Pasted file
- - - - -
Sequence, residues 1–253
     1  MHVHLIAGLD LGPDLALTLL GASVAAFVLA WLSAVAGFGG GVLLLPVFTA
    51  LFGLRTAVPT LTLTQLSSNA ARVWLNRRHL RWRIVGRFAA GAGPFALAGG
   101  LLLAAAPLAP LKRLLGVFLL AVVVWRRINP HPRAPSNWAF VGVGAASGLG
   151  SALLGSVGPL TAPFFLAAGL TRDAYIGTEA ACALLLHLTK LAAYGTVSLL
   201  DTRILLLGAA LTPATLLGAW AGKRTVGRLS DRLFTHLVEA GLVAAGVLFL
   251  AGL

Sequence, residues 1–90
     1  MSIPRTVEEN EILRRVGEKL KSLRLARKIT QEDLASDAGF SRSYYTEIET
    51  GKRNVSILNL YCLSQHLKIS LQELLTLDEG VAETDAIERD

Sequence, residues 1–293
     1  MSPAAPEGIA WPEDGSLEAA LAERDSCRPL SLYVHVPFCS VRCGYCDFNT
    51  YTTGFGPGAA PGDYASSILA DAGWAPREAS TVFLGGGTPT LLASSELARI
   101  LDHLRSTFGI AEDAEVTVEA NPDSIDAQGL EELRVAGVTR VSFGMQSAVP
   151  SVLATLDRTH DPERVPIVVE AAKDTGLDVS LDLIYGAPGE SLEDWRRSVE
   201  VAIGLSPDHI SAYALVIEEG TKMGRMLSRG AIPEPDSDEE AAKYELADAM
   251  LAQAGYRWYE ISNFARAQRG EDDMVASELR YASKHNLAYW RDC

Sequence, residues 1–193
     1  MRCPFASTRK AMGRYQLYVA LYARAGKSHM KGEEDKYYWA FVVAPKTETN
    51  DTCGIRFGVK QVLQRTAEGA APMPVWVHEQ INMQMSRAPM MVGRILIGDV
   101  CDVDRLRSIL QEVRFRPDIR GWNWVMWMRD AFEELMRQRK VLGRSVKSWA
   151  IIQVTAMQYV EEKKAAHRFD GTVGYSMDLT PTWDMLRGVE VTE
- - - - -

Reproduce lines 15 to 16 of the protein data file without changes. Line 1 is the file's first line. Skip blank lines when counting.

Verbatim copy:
   151  SVLATLDRTH DPERVPIVVE AAKDTGLDVS LDLIYGAPGE SLEDWRRSVE
   201  VAIGLSPDHI SAYALVIEEG TKMGRMLSRG AIPEPDSDEE AAKYELADAM